Three Thanksgivings, three Christmases, three anniversaries – Deborah Harris gave a tally of time missed by Kerry Fadely, her partner of 10 years, who was shot and killed in October 2011.

“And we will continue to miss her for the rest of my life,” said Harris of Fadely at Tuesday’s sentencing.

The man who murdered Fadely, 50-year-old Javier Martinez, was sentenced to 99 years in prison by a judge today.

On Tuesday in a state courtroom, Fadely’s family and friends faced her killer.

“I have had to explain to my grandchildren why Kerry wouldn’t be around to ride a bicycle with them, to go to Disneyland with them,” Harris said. “But when I leave here today, he’ll go to hell and rot in jail.”

Martinez had previously been deported from the United States and was working in Alaska illegally under a false name, Victor Flores. Fadely was his boss at the Millennium Hotel. A federal judge previously sentenced him to 65 years for immigration and weapons violations and identity theft convictions.

As part of a plea deal, Martinez agreed to serve 99 years in prison for the first-degree murder charge. It was up to the state sentencing judge to decide if Martinez would serve his state and federal sentences concurrently or consecutively.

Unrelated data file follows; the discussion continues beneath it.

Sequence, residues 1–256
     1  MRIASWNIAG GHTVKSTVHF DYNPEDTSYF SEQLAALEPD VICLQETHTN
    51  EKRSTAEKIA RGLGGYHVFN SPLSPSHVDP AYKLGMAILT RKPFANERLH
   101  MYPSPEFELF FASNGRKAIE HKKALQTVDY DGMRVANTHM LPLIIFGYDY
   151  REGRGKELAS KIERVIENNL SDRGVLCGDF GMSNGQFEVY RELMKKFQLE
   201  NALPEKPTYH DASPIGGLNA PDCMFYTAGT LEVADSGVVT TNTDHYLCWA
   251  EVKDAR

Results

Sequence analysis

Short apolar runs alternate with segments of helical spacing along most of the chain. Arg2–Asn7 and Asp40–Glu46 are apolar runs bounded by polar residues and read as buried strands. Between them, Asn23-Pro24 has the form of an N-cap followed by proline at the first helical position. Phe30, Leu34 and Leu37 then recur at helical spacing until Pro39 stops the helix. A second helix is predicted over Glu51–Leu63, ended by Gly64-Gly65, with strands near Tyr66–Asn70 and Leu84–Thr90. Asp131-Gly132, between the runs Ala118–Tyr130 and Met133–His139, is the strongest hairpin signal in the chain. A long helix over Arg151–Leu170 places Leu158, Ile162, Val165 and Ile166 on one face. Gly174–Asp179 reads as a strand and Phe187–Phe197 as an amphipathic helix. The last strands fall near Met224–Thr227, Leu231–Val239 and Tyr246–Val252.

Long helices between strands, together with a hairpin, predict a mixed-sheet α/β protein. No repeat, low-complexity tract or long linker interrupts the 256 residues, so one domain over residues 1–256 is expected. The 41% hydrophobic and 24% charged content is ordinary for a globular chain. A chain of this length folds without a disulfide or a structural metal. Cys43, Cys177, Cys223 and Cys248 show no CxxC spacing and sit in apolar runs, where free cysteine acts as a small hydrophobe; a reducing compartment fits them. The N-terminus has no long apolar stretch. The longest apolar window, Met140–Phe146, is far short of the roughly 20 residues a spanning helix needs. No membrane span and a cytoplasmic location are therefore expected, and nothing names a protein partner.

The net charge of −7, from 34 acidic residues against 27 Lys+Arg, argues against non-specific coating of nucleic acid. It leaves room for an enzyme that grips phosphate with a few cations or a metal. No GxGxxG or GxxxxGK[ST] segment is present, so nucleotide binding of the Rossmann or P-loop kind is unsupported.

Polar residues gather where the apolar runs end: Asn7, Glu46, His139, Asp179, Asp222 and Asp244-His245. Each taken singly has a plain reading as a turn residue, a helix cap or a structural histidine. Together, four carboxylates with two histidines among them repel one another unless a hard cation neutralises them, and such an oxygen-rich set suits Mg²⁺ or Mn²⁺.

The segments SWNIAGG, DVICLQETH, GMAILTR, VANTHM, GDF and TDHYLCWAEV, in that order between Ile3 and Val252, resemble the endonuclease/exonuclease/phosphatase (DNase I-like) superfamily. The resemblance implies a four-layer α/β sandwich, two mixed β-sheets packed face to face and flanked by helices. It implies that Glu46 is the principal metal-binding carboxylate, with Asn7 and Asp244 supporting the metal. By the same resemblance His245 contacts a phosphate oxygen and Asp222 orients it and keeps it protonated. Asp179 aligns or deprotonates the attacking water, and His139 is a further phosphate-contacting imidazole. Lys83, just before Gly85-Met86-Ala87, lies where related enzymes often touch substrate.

Throughout the proceeding, Martinez smirked at the family, even interrupting Harris at one point.

“He stole a daughter from a mom,” Harris said at the sentencing. “You don’t bury your own children, and it’s not right. It’s a stupid, ridiculous act of violence for nothing, for nothing.”

“You don’t know that,” Martinez countered.

“I know enough!” Harris shouted back.

“You don’t know that,” he said again.

Before he handed down the sentence, Judge Michael Wolverton said Martinez has continued to show no remorse for his crime. Martinez shot 55-year-old Fadely 11 times at the Millennium Hotel.

“This is about the most brazen assassination I’ve ever seen,” Wolverton said. “I’ve been doing this a long time.”

Martinez will serve the 99-year sentence consecutively to his federal sentence. He’ll be transferred out of state to a federal facility.

“For my children and my family, it’s a sense of closure and being able to move forward,” Harris said. “Not being able to have the death penalty in the state of Alaska, it’s the best we could hope for.”